School system gets increased funding in proposed budget
Published 12:10 am Thursday, May 21, 2015
By Josh Bergeron
The Rowan-Salisbury School System may have to continue waiting to address its pay scale and fix aging schools.
The county’s budget for the coming year includes bumps in operating and capital expenditures for the Rowan-Salisbury, but not nearly as much as the school board requested.
The school system requested a total of $44.4 million for the 2015-2016 fiscal year. The amount was $10 million or about 30 percent more than the system’s current year budget and would have required a property tax increase across Rowan of 10 cents per $100, according to the county’s budget.
The requested amount for the school system included both operating and capital expenditures.
When County Manager Aaron Church presented his recommended budget this week, it included a $1.32 million or 4 percent total increase in the school system’s budget. Even with the stark difference in the system’s request when compared to his recommendation, Church classified the budget increase as significant. Increased tax revenues made it possible, he said.
“The central theme for this budget is excitement, renewal and growth,” Church wrote in the budget’s executive summary. “For the first time since the great recession, the local sales tax is thriving. Sales tax reached an 8 percent year-to-date increase in April for (fiscal year 2014-2015) despite the budgeted projection of a 1.8 percent increase.”
He continues, projecting more growth in tax revenue for the coming fiscal year.
“Across the country, the economy has soared with the stock market at an all time high,” Church wrote in the summary. “In Rowan county it seems as if a growth spurt is just around the corner.”
As a result of increased tax revenue, Church budgeted a revenue neutral tax rate — meaning that the average taxpayer will pay the same amount in property taxes. The proposed rate, however, is an increase of 1.25 cents per $100 to 66.25 cents. On a $100,000 piece of property, that would be an increase of $12.50 for the year.
The school system, with Church’s proposal, would receive the second largest budget increase in the coming year. General government expenditures are projected to receive the largest increase in dollar amount.
The school system’s budget increase includes an additional $800,000 for its daily operating expenditures and $526,115 for capital expenditures such as paving cracked parking lots and repairing old roofs.
The budget proposed by Church would require the Rowan-Salisbury School Board to sort out the best method of allocating available funding, said Anthony Vann, the school system’s assistant superintendent of operations.
The increase in operating expenditures, Vann said, wouldn’t be enough to cover a 1 percent, across-the-board raise for all employees. The board could, however, vote to give a raise of less than 1 percent. The state’s role in paying teachers complicates matters. If state government mandates a teacher pay increase for the coming year, it lowers the total amount of money available for raises given by the school system, said school board Chairman Josh Wagner.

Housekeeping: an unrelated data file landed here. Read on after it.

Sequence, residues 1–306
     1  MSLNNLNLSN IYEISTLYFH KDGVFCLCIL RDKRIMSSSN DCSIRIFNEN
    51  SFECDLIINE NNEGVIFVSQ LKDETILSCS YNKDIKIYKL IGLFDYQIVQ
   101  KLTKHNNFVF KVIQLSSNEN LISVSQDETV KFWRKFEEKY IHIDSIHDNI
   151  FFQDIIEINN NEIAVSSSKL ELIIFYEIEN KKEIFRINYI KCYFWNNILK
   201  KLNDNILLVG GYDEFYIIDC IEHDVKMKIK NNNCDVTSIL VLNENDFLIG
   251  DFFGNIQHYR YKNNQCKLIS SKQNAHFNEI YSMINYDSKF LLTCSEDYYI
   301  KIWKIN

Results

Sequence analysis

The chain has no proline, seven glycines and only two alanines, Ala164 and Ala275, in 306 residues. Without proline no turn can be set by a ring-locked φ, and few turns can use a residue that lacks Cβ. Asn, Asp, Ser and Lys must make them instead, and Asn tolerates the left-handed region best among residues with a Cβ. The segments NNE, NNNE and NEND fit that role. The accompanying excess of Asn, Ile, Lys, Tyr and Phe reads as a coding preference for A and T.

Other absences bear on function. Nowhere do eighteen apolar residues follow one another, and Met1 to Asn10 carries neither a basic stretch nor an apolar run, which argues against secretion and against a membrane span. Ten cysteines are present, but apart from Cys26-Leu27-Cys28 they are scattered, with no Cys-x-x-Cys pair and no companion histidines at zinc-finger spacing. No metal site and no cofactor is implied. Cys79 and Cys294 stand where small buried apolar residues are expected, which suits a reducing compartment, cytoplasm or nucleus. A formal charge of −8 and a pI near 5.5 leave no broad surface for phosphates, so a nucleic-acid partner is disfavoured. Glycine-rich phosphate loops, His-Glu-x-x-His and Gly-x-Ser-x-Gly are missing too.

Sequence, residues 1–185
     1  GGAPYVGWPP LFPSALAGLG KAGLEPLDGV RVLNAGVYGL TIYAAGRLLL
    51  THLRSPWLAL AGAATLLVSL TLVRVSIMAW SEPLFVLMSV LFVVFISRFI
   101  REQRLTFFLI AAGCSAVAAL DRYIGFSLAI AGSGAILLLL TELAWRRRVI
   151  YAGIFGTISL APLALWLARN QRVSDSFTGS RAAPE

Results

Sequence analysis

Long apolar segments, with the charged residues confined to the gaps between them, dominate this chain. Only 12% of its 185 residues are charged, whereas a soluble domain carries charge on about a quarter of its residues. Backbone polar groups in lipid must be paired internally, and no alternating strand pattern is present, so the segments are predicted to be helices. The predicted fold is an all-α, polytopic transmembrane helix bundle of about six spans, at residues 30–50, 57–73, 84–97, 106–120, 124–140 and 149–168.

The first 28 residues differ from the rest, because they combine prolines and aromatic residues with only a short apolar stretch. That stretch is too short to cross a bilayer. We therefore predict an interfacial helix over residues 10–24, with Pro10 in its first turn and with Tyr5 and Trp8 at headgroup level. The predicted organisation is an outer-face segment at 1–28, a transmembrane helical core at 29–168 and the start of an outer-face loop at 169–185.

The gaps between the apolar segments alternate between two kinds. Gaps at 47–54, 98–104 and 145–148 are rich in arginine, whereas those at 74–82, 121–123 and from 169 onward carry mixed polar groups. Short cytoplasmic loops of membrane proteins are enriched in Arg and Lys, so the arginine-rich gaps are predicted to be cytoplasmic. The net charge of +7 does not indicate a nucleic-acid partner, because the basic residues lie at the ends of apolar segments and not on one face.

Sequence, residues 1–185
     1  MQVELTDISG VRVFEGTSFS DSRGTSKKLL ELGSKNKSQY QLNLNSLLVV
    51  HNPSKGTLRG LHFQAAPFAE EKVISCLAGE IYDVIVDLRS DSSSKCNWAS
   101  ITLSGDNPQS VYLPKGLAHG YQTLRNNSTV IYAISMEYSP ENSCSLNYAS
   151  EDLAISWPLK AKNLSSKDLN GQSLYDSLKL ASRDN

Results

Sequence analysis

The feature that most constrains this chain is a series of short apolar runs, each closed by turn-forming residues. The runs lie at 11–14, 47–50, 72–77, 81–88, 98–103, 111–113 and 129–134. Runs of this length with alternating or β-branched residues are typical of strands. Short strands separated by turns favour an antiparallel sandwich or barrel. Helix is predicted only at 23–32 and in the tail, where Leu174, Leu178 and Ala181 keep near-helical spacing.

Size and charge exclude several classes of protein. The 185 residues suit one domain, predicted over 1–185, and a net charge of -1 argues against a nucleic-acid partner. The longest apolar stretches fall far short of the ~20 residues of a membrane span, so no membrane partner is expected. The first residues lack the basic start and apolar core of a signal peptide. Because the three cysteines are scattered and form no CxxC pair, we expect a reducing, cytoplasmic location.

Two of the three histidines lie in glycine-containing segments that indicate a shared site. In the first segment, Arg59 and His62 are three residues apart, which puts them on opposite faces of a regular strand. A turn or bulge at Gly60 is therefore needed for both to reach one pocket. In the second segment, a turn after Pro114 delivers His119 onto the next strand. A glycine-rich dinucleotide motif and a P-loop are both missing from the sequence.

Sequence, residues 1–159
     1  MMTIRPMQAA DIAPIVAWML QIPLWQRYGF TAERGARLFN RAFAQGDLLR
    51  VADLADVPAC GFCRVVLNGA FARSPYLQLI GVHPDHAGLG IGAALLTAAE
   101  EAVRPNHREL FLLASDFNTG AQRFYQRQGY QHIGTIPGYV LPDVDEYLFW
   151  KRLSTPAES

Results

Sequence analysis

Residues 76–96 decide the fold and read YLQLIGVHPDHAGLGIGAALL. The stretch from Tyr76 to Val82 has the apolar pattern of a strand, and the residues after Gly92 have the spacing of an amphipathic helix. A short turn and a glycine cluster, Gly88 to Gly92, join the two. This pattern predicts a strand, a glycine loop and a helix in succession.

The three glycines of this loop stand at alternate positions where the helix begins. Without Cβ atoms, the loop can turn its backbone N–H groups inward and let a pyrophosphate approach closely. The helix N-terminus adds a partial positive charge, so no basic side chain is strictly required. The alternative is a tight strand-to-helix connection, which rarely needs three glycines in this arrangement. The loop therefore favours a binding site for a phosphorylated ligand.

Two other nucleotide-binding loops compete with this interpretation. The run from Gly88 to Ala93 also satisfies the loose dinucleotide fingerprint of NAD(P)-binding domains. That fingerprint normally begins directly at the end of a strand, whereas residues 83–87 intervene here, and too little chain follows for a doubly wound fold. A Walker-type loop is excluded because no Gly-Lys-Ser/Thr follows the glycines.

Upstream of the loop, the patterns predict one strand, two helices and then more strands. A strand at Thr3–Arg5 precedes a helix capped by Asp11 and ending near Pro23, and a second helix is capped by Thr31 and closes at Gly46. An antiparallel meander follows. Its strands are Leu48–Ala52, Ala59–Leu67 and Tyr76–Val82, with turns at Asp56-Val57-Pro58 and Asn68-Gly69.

A majority of teachers in the Salisbury-Rowan School System are funded by the state. A smaller portion of the system’s total teachers are paid for by county funds. If state government mandates an increase across North Carolina, Wagner said the system would have less money available to bring all teachers’ pay — state- and county-funded — up to the state and regional averages.
Picking certain groups to receive raises may not be the right solution, either.
“It’s not as easy as just picking one group or the other,” Wagner said. “I want to see us do as much as we can for as many employees as possible.”
Capital expenditures are a similar story. The school system, with the proposed addition in county funds, would not be able to pay for all needs determined by school system staff to be critical for the upcoming year.
Vann said improving safety — adding security cameras, re-keying buildings and adding front lobbies to some schools — is one idea that’s been talked about frequently by the school board and system officials. Vann also mentioned roofing, paving and improving athletic facilities as needs that will have to be addressed in the future.
“It’ll really be a board decision whether to choose one or the other, but there’s been a huge focus on safety items,” Vann said.
One example of a safety addition to schools would be a front lobby that would prevent visitors from entering directly into the school building, Vann said.
Wagner said roof replacement appears to be the most critical need for the school system. Estimates by Rowan-Salisbury School System staff show millions of dollars needed each year for roof repair until the 2017-2018 fiscal year. The cost of roof replacement drops off sharply in years following 2018, according to school system estimates.
The cost of the most critical paving projects, which includes school driveways and parking lots, is estimated to be nearly $4 million in total.
With money tight and the list of needs adding up, Wagner said he understands the school systems needs will not be fixed overnight.
“Whether you’re asking the school system or any county department, if everybody is being honest, I do wish the county could do more,” Wagner said. “I think that several other school board members would agree.”
Contact reporter Josh Bergeron at 704-797-4246